MABELLEarts shows how established social infrastructure serves communities during social and physical distancing

March 30, 2020

Jodi Lastman

Joy and community building live at the heart of MABELLEarts, an award-winning community arts organization that is rooted in parks in Central Etobicoke. Typically, MABELLEarts transforms parks in low-income neighbourhoods with the people who live there. And they transform them in the most beautiful and creative ways like an end of school year watermelon smash and annual outdoor Iftar celebrations called Iftar Nights.

WhenCOVID-19 and physical distancing meant it was no longer possible to foster in-person connections in parks, the park group quickly pivoted to fill a critical need in their community. 

Because they had long-established, trusted connections with the people within their community, Leah Houston and her team at MABELLEarts were able to respond, quickly.

The MABELLEarts team reviewed their entire database of contacts and, based on their experience working with the community, categorized the list into three groups:

  1. Participants likely to have immediate needs
  2. Participants likely to have needs
  3. General participants to connect with

Armed with phone numbers from their existing database of community members,  the team developed a script to use to check-in with people and determine how they were doing and whether they had any urgent needs. 

 

 “We didn’t have a strategy for what would happen in the phone-calls. Our first step was to listen to the most vulnerable members of our community and learn what they were struggling with,” says Leah.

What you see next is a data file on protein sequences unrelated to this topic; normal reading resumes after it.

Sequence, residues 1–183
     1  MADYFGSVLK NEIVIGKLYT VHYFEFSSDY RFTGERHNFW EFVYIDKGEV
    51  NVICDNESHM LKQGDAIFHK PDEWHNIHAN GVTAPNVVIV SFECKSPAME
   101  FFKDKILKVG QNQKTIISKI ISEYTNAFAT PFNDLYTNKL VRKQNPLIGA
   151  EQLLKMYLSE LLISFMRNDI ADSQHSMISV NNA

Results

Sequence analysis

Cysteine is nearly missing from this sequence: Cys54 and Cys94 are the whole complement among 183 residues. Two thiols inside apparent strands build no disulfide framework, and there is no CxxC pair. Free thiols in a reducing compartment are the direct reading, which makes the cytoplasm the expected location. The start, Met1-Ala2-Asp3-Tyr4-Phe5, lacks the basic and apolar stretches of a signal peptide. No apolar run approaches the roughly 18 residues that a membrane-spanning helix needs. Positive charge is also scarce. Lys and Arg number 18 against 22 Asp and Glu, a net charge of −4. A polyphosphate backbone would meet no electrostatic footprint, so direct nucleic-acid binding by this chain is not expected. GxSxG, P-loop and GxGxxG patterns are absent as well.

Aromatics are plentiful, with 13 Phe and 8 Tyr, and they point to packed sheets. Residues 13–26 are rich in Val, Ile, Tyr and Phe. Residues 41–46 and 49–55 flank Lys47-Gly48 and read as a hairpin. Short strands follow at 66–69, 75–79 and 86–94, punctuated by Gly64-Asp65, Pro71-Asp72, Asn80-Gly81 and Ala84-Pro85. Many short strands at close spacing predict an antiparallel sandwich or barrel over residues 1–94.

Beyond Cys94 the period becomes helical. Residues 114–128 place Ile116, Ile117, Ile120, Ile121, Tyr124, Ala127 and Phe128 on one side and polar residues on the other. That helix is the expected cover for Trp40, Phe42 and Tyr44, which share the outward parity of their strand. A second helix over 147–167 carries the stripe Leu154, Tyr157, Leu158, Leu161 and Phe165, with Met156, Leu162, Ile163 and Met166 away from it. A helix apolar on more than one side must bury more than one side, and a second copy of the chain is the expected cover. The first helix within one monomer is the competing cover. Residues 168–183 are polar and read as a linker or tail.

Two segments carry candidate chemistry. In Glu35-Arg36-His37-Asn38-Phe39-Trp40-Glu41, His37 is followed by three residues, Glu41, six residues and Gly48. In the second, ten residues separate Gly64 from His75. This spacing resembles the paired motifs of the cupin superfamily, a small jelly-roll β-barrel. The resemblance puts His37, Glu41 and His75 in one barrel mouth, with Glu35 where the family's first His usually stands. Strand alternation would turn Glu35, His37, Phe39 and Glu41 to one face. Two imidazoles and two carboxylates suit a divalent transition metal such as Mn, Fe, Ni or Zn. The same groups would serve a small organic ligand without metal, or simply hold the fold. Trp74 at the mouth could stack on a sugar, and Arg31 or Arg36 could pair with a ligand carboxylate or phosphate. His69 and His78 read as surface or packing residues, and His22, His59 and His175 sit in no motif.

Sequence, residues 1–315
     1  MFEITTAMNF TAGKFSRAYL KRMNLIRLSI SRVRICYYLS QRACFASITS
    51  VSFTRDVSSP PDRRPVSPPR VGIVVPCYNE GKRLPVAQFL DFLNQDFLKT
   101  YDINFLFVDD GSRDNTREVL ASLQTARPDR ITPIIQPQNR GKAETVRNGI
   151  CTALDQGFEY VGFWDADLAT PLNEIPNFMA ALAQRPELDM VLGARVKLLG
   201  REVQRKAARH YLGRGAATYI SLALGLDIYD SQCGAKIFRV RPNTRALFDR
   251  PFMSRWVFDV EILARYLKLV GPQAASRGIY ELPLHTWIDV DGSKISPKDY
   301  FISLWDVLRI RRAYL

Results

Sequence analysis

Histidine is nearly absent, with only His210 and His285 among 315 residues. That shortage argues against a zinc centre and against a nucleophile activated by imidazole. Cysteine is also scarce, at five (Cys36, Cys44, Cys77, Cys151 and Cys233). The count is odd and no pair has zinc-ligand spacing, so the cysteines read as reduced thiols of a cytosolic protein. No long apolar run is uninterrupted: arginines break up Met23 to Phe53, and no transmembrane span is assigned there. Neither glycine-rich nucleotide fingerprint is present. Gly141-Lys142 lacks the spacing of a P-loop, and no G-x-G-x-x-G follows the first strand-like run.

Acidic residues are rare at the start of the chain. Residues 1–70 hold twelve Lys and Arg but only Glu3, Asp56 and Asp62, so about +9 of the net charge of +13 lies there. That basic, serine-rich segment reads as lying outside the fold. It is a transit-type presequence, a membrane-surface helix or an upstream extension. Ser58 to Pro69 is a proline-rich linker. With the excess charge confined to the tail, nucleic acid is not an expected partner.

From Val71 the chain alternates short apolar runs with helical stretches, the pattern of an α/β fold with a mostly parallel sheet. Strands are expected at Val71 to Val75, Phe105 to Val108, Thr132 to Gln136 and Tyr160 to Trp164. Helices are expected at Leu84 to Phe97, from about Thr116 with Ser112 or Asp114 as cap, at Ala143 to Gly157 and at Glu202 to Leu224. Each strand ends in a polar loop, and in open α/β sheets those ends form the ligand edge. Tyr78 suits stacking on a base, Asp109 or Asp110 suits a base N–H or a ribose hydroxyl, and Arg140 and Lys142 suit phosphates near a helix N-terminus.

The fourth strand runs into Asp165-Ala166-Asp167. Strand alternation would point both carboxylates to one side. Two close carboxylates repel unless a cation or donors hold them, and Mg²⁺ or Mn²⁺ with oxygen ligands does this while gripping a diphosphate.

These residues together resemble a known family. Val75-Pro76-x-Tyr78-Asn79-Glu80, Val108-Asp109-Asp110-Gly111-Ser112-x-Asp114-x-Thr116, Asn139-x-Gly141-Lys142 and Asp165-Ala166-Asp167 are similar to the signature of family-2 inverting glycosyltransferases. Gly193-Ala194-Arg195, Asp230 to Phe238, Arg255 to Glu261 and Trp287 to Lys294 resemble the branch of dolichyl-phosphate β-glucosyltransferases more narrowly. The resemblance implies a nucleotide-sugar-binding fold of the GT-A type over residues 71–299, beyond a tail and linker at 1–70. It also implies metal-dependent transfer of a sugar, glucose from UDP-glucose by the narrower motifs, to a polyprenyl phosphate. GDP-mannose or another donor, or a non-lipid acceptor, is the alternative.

Very quickly, the team at MABELLEarts discovered that their most vulnerable were in need of food. The food bank at MABELLEarts had closed down, and people who were already experiencing food insecurity were struggling. With support from a key funder, Leah purchased and delivered basic groceries to 10 people. 

 

Through phone calls, the MABELLEarts team also determined that many in their community are experiencing intense social isolation. To respond, they are scheduling daily, weekly and monthly phone calls with community members.

 

“It seems really old fashioned to chat on the phone with people, but yacking and gossiping for a bit helps people get through the day. It’s what our moms and grandmothers did, and it worked. It’s working for our community in very difficult times,” says Leah. 

 

Community park groups across Canada have helped build valuable social infrastructure that can be leveraged to promote resilience in these challenging times. Here are some steps your park group can take to serve the community:

  1. Use your database or lists: Up to this point, the primary purpose of your lists may have been to update the community about park events. However, now that list can help you reach out via phone or email. If you have phone numbers, it’s great to call the people that you know from park programming. If you don’t know them, feel free to send an email inquiring if a phone call would be helpful. 
  2. Create a script: It can be awkward to pick up the phone. Having an informal script will help remind you what topics to cover on the phone. Once you get rolling, don’t be afraid to go off-script and chat. 
  3. Refer, refer, refer: While MABELLEarts decided to retrieve groceries for its participants, your group doesn’t have to directly serve all of the community’s needs. In fact, it’s not something we’d recommend. Instead, put together an up-to-date list of the non-profit and community organizations that are open and serving people in your community. 
  4. Keep calling: Determine the best schedule for calls and engage members of your community park group in phoning people on a regular schedule

 

We know it’s a difficult time for park people across Canada. Thank you for all you are doing to keep your community safe and happy. If you know of a park group serving their community during this challenging time, please let us know. 

 

Cover photo: Sarah Gladki, Toronto Arts Council

 

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